CINCINNATI — The Bearcats got their largest crowd of the season rocking by overcoming a 12-point deficit against a team that was deep in foul trouble. Once again, they couldn't close it out because of a long stretch of cold shooting.
Cincinnati went ahead with 6:53 to play, but managed only one field goal and two free throws the rest of the way, allowing No. 15 Georgetown to rally for a 62-55 victory on Friday night.
It felt familiar.
The Bearcats (19-7, 7-6 Big East) lost at home to Pittsburgh 62-52 a week earlier by going the final 9:21 without a field goal. Their only late basket on Friday came when the Hoyas (19-4, 9-3) let Cashmere Wright drive for a layup in the closing seconds.
What bothered coach Mick Cronin the most was not the poor shooting – that's been a trend for the Bearcats – but the way their defense broke down, allowing the Hoyas to snap their streak of four straight losses to Cincinnati.
Georgetown hadn't won in Cincinnati since the 2006-07 season.
"We panicked in the first half," Cronin said. "We let our offensive struggles affect our defense. You can't do that in basketball. I was really disappointed in that.
"We'd never panicked against Georgetown. That's why we've been able to be successful. We went five years not giving up a backdoor layup to Georgetown. Five years! We gave up four or five of them tonight."
Now, the Hoyas have won seven in a row overall, the longest active win streak in the Big East. They've done it with a patient but low-scoring offense – only 64.3 points per game – and a defense that allows only 55.7 points per game, seventh nationally.
The two players that have steadied them through the last few weeks made the difference at the end. Otto Porter Jr. scored 16 points while playing in foul trouble, and Markel Starks hit the biggest shots down the stretch.
Starks hit a go-ahead 3-pointer and made five free throws in final minute, helping the Hoyas stay atop the Big East. They were tied with Syracuse and Marquette heading into the weekend games.
Starks finished with 17 points. Freshman D'Vauntes Smith-Rivera added 14 points, and Nate Lubick had a team-high four assists.
Cincinnati has lost three of its last four games with poor shooting. The Bearcats shot only 31.5 percent from the field and went 4 of 24 behind the arc. JaQuon Parker led with 15 points.
Wright established a Cincinnati record for career steals, but went only 5 of 14 from the field while scoring 12 points. Wright has been struggling to score since spraining his right knee and aggravating his left shoulder in the last few weeks. He's only 10 of 49 from behind the arc in the last seven games, his shot thrown off by the injuries.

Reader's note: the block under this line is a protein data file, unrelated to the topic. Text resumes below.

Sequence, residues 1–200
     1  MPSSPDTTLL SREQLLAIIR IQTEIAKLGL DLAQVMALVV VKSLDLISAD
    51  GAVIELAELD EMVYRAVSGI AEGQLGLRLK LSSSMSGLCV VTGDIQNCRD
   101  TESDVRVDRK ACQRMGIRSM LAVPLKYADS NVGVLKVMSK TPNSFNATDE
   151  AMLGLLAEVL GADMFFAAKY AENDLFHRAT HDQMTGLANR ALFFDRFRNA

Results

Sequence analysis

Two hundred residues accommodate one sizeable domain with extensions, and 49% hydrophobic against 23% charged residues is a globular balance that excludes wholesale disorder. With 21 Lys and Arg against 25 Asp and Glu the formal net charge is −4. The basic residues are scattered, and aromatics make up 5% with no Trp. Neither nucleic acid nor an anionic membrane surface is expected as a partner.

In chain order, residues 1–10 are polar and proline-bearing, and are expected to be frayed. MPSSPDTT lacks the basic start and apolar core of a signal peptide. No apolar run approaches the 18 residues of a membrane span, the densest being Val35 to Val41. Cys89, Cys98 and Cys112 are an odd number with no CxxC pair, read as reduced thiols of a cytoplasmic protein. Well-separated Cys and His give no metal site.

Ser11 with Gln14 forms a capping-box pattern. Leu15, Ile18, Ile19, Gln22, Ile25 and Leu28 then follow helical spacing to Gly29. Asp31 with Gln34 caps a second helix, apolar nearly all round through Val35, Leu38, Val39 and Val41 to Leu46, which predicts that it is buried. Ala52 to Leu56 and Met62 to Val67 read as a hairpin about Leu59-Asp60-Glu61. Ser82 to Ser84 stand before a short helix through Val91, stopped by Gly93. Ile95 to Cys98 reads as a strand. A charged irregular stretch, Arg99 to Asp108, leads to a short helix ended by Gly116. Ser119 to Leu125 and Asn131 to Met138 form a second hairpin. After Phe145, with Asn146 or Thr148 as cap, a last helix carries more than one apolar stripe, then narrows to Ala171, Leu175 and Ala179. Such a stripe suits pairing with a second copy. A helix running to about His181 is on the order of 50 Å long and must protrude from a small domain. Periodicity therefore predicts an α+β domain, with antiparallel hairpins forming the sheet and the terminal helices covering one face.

He's optimistic the Bearcats – who have dropped out of the Top 25 with their recent slump – can get turned around by tournament time.
"We realize all you've got to do is get to the (NCAA) tournament," Wright said. "That's what it's all about. All of that will take care of itself. We're just trying to fine-tune things and get back to where we were as a team and stop making these mistakes on defense."
Georgetown's surge has been led by Starks, a junior guard, and Porter, a sophomore forward who leads the Hoyas in scoring and rebounding. Both were in foul trouble in the second half, limiting Georgetown's offense and forcing the Hoyas to go to a zone defense for a while.
The 6-foot-8 Porter helped the Hoyas get off to a 13-9 lead, hitting two baskets and a free throw while the Bearcats' long-standing shooting problems continued. They missed 11 of their first 14 shots from the field and 5 of 8 from the free-throw line.
Smith-Rivera hit a 3-pointer – the first by either team after 12 combined misses – and had two free throws, and Lubick scored a couple baskets inside off passes for a 29-20 advantage, the biggest lead by either team in the half.
Georgetown was more aggressive at attacking the basket in the second half. Porter had four points during an 8-0 run that built the lead to 43-31 while the Bearcats struggled to make even a close-up shot, drawing groans from the season-high crowd of 12,842.
Parker got the Bearcats going. He scored 11 consecutive points against Georgetown's zone defense, including a driving back shot that gave Cincinnati a 51-50 lead with 6:53 to go. The comeback ended there.
Porter picked up his fourth foul during Parker's scoring spurt and went to the bench, temporarily costing the Hoyas their leading scorer and rebounder. Porter got back into the game and made a pair of free throws for a 57-53 lead with 1:16 left. The Bearcats never threatened again.
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